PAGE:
- Brian Bennett, ESPN Staff Writer
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It's Wednesday, so that means it's mailbag time. Can we really still call it a mailbag when all the questions are from Twitter? I guess it sounds better than a Tweetbag.
I digress. What's on your mind?
— Benny (@FLBuckeye14) May 27, 2015
Brian Bennett: Very intriguing question. The Big Ten no longer really has to prove it can beat these teams, since Ohio State took down both the Crimson Tide and the Ducks during the playoff last season. OK, so everybody but the Buckeyes still needs to prove it, but we live in a time when whole leagues often get credit for one team's performance for some reason.
Anyway, I gave this one a lot of thought, and ultimately I believe Wisconsin beating Alabama would be better for the entire Big Ten.
Of course, knocking off Oregon would do wonders for Michigan State and immediately announce the Spartans as legitimate national title contenders. But I think the Spartans have already proved themselves on the elite level, having won the Rose and Cotton bowls the past two years while finishing each season in the top five. This program has already been validated. Plus, a loss to Oregon -- even at home -- doesn't necessarily doom Michigan State's playoff hopes. As long as they lost a relatively competitive game, the Spartans could still work their way back into the top four by winning at Ohio State and taking the league title. Remember that Ohio State lost to a much worse Virginia Tech team at home last September and still won it all.
Wisconsin, on the other hand, has been on the brink of reaching the elite for several years but has come up short in many big contests. Beating Alabama on a neutral field in the opener would likely skyrocket the Badgers well into the Top 10 and put them on the radar for the playoff. Because of their favorable rest of the schedule, they could stay in that conversation for the remainder of the season, thus giving the Big Ten perhaps three legitimate playoff contenders instead of two.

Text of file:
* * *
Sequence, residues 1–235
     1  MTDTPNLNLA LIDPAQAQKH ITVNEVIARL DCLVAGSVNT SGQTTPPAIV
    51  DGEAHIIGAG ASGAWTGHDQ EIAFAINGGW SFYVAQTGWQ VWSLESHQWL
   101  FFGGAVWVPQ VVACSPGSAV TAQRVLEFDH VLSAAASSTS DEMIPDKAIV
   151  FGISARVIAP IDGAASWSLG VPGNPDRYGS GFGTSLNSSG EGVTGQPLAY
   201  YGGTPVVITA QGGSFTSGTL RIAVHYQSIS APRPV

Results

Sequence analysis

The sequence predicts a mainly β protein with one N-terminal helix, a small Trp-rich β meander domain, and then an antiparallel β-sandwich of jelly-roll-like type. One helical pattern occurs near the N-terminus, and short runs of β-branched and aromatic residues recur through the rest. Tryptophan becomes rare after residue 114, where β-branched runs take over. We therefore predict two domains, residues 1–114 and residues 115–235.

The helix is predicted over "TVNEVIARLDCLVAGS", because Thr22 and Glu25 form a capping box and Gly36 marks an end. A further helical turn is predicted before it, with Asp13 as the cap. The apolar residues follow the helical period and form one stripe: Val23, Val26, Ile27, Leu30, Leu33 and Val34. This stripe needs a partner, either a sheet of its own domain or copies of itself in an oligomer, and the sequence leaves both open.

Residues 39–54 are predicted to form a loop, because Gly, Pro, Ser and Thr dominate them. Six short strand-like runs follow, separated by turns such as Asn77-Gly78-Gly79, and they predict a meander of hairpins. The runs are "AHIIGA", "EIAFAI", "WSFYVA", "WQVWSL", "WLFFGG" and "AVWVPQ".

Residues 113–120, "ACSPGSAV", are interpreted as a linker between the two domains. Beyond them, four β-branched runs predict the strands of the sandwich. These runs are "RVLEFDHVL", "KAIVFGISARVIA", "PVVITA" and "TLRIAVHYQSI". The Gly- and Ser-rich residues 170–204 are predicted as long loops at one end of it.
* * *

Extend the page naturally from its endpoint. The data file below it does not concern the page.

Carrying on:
Building more depth at the very top is crucial for the Big Ten's long-term well-being and viability, and even though Alabama hasn't won a national title since way back in the 2012 season, the Tide remain the gold standard against which most programs are judged these days.
— Michael Cotant (@cotantmi) May 27, 2015
Brian Bennett: Of course, it's impossible to predict without knowing what happens elsewhere in the country. But I would say that, given the precedent set by the CFP selection committee in Year One, Michigan State would likely be out of luck.
Selection committee members made it clear last season that conference championships matter. Wisconsin athletic director Barry Alvarez emphasized that last week at the Big Ten meetings when he said the Big 12's lack of an actual champion played a role in that league's exclusion from the playoff field. In your scenario, the Spartans wouldn't even have a division title to claim.
Sure, an 11-1 Michigan State team with a win over Oregon and a close loss to the defending champs would have an impressive argument. But to actually win that case, the Spartans would probably need at least two other conferences to have underwhelming, two- or three-loss champions.
— TDM (@tmcmill81) May 27, 2015
Brian Bennett: This is an important year for Kirk Ferentz, as fan dissatisfaction is rising in Iowa City and is being reflected in sluggish ticket sales. However, Ferentz is still under contract through 2020, and the school would have to pay more than $13 million to buy him out right now, plus whatever it would cost to hire his replacement. That's what you call job security.
The really interesting timing could come after the season, when Ferentz will be down to just four years left on his contract. For recruiting purposes, most schools like to have coaches signed to five-year deals. Will Iowa athletic director Gary Barta want to extend Ferentz's contract in January? Let's just say another disappointing season for the Hawkeyes this fall would be poorly timed for all parties involved.
— TOWNS (@BM_Ahmed) May 27, 2015
Brian Bennett: It wouldn't surprise me in the least to see Minnesota make it to Indianapolis. But as I wrote earlier this week, I'm making Wisconsin the favorite in the West Division. I still need to see the Gophers actually wrest that Axe back from the Badgers for the first time in 12 years until I can fully believe in them.
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